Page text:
Emperor of France.
“…THE STEPS BEING TAKEN ARE WEAK…THE STUDENTS AND INHABITANTS OF UTRECHT WHO JEERED AT THE PATROLS BE ARRESTED AT ONCE AND TRIED BY A MILITARY COMMISSION.”
Letter Signed, Np, one page, quarto, Paris, March 18, 1811. To the minister of war [General Henri Jacques Guillaume Clarke], the Duke of Feltre. The text in the hand of Napoleon’s secretary Fain.
“Issue the order that the 36,000 rifles, the 100 rampart rifles and the 50 which are in Amsterdam be purchased and sent to Hamburg as promptly as possible, from where they will be sent to Danzig. Inform the arch-treasurer that the steps being taken are weak, that the students and inhabitants of Utrecht who jeered at the patrols be arrested at once and tried by a military commission. -Issue the order to the 24th of the riflemen, which is at the camp at Boulogne to proceed to Utrecht, where it will be at the disposition of Gen. Molitor. ” A note indicates that this letter was “Received the 18th of March and sent to MM. Gassendy and Gérard.”
Utrecht was occupied by the French from 1795 to 1813, and had been the residence of Napoleon’s brother Louis, until his abdication as king of Holland in 1810. In general, the Dutchmen served the new sovereign as they had King Louis, all the more readily because the exiled Prince of Orange (son of William V who died in 1806) gave permission for such a collaboration. Napoleon’s directives regarding this uprising in Utrecht reflects on his inclination to oversee every detail throughout his continental empire. Marshal Gabriel Jean Joseph Molitor held commands in the Hanseatic towns, Hamburg, and Holland from 1810 to 1813.
In 1811, Napoleon was preparing for war with Russia, reading books about the country and massing troops between Hamburg and Danzig. The Prussian fortress of Danzig had been captured by Napoleon in 1807 in one of the few sieges of the Napoleonic wars; it marked the defeat of Prussia.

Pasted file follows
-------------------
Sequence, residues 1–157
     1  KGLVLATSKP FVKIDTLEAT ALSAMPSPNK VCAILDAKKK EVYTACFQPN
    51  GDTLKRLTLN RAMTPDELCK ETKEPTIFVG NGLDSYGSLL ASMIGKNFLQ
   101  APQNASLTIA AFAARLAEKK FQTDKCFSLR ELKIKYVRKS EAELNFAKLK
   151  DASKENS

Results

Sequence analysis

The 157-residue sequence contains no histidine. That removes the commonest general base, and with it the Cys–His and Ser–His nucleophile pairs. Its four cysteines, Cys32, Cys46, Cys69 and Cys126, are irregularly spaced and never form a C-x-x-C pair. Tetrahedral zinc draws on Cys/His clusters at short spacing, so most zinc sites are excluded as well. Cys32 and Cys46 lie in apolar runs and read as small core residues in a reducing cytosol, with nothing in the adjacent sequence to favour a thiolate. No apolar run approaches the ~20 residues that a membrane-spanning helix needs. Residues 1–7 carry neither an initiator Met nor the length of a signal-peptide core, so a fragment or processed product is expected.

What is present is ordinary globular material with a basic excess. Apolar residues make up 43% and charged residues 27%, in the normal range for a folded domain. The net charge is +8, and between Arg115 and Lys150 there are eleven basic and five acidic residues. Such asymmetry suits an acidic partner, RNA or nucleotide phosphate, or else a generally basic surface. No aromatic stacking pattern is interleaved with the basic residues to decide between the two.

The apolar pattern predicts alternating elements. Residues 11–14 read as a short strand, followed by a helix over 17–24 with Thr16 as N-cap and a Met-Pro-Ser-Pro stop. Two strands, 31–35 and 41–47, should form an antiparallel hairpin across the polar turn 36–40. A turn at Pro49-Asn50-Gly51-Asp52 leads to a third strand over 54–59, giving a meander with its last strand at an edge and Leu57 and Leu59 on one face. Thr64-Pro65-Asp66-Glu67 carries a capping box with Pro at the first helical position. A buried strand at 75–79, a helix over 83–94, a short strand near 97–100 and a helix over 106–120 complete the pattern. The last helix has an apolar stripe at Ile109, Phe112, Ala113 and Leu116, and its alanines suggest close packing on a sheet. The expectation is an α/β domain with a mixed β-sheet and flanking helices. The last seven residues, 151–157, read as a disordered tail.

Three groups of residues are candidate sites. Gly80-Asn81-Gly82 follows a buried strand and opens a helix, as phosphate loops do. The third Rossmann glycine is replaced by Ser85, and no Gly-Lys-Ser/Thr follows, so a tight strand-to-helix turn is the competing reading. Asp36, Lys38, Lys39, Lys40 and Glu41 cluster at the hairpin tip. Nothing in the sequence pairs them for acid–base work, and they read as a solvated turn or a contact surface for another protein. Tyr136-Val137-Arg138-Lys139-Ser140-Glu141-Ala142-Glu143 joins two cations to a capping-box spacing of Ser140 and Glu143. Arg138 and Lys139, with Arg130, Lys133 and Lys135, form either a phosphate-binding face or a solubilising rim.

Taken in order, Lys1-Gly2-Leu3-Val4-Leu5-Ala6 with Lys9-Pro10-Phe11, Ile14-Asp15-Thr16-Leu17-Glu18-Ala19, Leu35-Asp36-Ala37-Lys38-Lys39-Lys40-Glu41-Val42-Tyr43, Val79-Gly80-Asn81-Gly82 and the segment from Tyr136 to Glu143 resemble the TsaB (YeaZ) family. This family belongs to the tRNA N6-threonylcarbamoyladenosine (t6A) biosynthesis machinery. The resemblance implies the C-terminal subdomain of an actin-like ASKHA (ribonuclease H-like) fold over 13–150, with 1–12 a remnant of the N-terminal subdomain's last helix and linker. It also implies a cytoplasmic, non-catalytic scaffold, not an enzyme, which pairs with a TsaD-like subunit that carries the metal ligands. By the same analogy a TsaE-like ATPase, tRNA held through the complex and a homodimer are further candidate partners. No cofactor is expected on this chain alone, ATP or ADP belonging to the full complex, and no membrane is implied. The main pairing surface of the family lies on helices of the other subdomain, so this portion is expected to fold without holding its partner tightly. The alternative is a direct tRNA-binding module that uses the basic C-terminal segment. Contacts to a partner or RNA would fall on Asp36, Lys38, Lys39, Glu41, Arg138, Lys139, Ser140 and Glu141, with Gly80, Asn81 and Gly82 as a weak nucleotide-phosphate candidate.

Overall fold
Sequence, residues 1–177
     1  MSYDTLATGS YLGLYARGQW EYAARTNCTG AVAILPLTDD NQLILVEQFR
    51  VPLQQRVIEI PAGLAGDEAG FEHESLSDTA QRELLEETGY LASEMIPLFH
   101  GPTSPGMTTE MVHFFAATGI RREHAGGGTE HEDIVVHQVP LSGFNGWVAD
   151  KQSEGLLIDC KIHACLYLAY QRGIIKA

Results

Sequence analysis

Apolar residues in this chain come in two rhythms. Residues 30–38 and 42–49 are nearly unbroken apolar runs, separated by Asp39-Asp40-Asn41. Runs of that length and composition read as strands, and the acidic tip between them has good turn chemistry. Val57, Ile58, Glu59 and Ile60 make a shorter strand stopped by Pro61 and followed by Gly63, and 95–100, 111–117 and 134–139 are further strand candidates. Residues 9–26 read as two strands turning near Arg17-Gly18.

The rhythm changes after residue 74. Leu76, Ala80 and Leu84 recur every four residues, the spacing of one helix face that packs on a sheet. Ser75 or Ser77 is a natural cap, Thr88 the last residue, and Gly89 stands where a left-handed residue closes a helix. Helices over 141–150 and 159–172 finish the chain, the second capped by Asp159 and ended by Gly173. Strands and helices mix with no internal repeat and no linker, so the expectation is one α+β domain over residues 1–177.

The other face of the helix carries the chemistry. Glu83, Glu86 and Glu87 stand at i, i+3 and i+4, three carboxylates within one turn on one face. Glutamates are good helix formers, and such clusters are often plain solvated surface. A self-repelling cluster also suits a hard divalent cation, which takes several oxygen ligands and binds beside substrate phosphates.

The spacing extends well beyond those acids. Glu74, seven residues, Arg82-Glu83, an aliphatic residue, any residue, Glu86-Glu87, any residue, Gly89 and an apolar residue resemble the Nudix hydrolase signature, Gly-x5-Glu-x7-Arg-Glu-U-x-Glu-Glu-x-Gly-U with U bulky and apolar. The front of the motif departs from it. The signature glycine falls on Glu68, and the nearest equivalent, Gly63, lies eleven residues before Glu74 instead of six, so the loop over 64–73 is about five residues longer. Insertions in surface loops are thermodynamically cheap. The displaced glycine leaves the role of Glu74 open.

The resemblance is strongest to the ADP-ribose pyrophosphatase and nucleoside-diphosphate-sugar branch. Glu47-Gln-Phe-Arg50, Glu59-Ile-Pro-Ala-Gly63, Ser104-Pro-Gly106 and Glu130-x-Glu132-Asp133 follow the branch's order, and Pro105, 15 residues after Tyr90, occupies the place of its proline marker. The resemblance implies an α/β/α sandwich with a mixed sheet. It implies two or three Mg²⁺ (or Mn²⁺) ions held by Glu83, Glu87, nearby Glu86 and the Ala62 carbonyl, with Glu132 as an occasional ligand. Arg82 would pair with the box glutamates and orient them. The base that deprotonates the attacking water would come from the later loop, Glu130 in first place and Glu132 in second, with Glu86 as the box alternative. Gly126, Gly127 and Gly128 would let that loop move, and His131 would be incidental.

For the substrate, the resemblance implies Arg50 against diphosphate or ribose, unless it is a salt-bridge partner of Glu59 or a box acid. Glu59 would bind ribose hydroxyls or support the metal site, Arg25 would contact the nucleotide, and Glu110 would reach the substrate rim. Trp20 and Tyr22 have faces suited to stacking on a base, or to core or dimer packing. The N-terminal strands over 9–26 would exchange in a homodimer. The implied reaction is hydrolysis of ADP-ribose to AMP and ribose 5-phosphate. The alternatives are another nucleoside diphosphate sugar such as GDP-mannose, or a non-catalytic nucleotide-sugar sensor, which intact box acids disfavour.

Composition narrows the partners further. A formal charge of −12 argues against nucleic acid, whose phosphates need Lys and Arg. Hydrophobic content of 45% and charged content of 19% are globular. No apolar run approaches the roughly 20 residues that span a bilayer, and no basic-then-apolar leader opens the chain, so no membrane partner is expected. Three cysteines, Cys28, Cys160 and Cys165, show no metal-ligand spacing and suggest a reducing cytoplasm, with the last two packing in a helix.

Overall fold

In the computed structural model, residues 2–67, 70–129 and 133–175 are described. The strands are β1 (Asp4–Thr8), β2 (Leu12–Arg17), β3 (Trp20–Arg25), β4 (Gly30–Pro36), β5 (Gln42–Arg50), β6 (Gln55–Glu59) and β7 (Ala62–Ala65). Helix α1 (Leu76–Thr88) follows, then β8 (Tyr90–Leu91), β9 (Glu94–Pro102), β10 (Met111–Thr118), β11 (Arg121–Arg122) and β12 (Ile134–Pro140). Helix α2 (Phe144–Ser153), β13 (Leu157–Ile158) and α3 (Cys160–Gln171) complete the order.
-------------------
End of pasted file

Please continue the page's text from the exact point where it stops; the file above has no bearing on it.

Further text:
Napoleon did not want war with Russia but the Czar, Alexander, technically his ally, continued to want to control Poland and expand Russia westward. [Danzig is the modern Polish city of Gdansk.] The Czar was also offended that Napoleon chose as his second wife the daughter of the Austrian emperor and not one of his own sisters.
Napoleon in 1811 was moving troops and supplies to protect France’s possessions from the mounting Russian forces on the frontier. Alexander, having been preciously decisively defeated by Napoleon, had no intention of attacking, but waited for what he correctly surmised — that eventually Napoleon would attack and he, Alexander, would fight a defensive war.
Also in March, 1811, Napoleon found the answer to his other major problem — that of succession. His son was born to his new Empress, Marie Louise.
In the hand of his secretary Fain [Agathon Jean Francois Fain, Secretary from 1806-1815]. Fain wrote a memoir, published in French and in an English translation, about his experiences as Napoleon’s private secretary.
Matted in ivory and beveled gilt with a bust-length portrait engraving of Napoleon I. Framed in carved gilt measuring 19 inches wide by 16 inches high.
This item is associated with these categories in our inventory:
- World Leaders